atomic_fungus (atomic_fungus) wrote,

Energy Costs

Lately there's been a discussion in the Fiero forum over whether or not high gas prices are the result of high crude prices, or a reduction in refinery capacity in the US.

I've been throwing in my $0.02 every once in a while, but I think I may as well shout at the wind. People have no desire to understand why energy costs so much; they are happy just to curse the oil companies and complain about how much money they're making. They apparently need a troll to curse; and "the oil companies" form the kind of monolithic-seeming faceless machine that is easy for the average person to hate.

I think much of the problem stems from the fact that economics is not a required subject in school. It should be; macroeconomics at a minimum--because if people understood why the law of supply and demand works, they would be less easily fooled.

The oil companies are making record profits!

...always implicit in this statement is, ".... Those BASTARDS!" But oil companies exist to earn profits by selling a product; they are not in it for warm fuzzy feelings. The companies are obliged to earn dividends for their stockholders, because the stockholders expect a return on their investment. A failure to capitalize on favorable market conditions would get the corporate executives replaced with executives who would work to maximize profits; they cannot decide to sell their product for less out of sensitivity for the plight of the common man.

But there really isn't all that much profit in the production of fuels--certainly not "record profits", not even at today's prices. Oil companies do it because they have to have a market for their product. No one but other oil companies can use crude oil; crude oil must be refined into products which the consumer can use.

The production of crude oil is separate from the refining of crude oil and the selling of refined petroleum products. The signs may all say "Exxon" or "BP" but they're subunits of a conglomerate. The company which drills for oil, and pumps it from the ground, has only a name and a CEO in common with the company which refines the oil into gasoline and heating oil and plastic base stocks. The company which pumps oil from the ground sells its product to the one which refines the oil, even if the transaction is merely entries in a ledger. (And the gas stations which all have the same name on them must buy the gasoline and diesel from the refinery, the same as "Joe's Gas-n-Go" must. But gas stations are generally franchise operations, anyway.) Even so, the stockholder in the typical oil company owns a piece of all of the subunits.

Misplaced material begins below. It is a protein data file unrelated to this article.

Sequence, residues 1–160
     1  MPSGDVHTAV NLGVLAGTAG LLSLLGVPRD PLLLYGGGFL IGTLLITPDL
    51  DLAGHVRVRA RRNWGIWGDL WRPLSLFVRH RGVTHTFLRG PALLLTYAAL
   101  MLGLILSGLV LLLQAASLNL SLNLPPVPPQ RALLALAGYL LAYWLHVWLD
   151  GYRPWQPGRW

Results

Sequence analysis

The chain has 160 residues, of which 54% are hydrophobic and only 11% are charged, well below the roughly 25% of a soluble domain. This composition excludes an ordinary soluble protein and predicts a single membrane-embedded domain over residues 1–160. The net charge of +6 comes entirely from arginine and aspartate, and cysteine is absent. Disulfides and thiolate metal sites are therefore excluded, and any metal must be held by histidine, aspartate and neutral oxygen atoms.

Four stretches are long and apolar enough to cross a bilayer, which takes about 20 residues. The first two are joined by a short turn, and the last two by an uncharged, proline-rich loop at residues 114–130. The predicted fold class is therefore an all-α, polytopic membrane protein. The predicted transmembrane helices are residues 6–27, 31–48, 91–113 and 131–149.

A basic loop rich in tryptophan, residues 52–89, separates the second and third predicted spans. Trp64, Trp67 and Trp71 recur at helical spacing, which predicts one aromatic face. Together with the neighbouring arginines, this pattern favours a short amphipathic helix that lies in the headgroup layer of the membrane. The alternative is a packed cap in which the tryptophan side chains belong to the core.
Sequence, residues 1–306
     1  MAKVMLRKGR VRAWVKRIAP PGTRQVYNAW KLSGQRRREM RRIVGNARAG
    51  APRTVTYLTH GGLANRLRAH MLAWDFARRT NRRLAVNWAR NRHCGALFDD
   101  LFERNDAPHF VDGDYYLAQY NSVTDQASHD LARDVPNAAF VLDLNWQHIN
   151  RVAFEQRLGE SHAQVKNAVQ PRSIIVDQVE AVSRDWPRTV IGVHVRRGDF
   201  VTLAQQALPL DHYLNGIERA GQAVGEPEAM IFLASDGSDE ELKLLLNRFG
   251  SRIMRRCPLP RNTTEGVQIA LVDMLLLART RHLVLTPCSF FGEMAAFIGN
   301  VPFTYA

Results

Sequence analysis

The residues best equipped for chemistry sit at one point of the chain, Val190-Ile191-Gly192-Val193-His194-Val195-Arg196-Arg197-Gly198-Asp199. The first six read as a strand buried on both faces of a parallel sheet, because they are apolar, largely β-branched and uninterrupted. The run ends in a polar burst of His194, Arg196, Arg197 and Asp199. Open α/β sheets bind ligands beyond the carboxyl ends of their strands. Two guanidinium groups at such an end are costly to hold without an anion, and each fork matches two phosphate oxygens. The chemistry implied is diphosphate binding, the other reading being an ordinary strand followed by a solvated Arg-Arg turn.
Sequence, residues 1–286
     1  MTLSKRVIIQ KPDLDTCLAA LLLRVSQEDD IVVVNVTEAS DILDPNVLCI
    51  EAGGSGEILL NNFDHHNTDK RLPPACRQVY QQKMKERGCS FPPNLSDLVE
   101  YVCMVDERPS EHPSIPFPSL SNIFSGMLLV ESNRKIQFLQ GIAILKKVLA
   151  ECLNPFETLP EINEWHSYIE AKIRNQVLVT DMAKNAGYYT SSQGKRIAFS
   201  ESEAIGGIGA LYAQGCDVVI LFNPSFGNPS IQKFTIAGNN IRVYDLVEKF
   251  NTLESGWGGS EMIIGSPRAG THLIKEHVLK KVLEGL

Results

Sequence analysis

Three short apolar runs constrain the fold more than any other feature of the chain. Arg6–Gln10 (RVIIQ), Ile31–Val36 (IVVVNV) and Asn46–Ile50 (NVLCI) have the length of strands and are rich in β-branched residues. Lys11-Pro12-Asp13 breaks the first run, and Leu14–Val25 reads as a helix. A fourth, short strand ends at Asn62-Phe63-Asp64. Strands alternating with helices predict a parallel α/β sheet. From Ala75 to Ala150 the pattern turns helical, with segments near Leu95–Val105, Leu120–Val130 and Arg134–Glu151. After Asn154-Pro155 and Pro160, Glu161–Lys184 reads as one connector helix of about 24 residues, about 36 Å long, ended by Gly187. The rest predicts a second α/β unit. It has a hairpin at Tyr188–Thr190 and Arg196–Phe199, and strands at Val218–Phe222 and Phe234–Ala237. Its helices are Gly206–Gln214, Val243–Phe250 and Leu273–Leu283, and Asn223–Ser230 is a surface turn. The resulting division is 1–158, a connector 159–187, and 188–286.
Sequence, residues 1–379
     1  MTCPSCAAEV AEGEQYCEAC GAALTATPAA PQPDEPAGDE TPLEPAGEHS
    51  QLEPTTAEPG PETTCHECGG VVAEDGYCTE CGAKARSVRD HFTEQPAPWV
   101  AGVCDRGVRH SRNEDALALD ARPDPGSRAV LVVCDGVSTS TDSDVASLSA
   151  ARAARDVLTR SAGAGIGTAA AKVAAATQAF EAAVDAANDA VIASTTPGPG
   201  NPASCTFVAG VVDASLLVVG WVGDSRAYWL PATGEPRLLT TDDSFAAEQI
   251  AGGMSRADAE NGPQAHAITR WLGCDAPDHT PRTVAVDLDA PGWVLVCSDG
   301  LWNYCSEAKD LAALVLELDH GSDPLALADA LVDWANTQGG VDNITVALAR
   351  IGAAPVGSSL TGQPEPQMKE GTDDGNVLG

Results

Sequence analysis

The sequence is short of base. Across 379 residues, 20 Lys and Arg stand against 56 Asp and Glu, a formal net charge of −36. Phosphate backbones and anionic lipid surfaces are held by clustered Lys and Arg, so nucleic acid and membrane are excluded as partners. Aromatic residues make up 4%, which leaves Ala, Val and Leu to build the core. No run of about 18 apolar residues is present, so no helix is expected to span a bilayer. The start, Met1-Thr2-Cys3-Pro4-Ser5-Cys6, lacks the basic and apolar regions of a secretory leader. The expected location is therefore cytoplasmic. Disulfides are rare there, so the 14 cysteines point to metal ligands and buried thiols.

Most of the profit made by oil companies comes from the sale of crude oil. As of this writing, crude oil trades for about $70 per barrel on the open market; but the cost to produce a barrel of oil has been steady at around $15 per barrel for quite some time. That means that an oil company earns around $55 profit on each and every barrel of oil it sells, at current prices. The "record profits" statement only crops up when crude prices are high.

So: all the units of the oil company must be profitable to one extent or another; this is why US domestic oil production is so low: for many years, the world price of crude was below $15 per barrel, and US companies could not make a profit on selling the oil they'd pumped out of the United States. If it cost $15 per barrel to produce, but it was only selling for $15 per barrel, they would not make any profit; and since shareholders expect a dividend, US oil companies started to produce their oil in (or buy it from) foreign countries where the cost of production was lower. (By the way, this naturally put many people in the domestic oil industry out of work.)

During times when the price-per-barrel of crude is low, the oil company makes a certain amount of profit. None of their operations are losing money; there is a certain amount of profit to be made on every stage of production, on every product which is produced.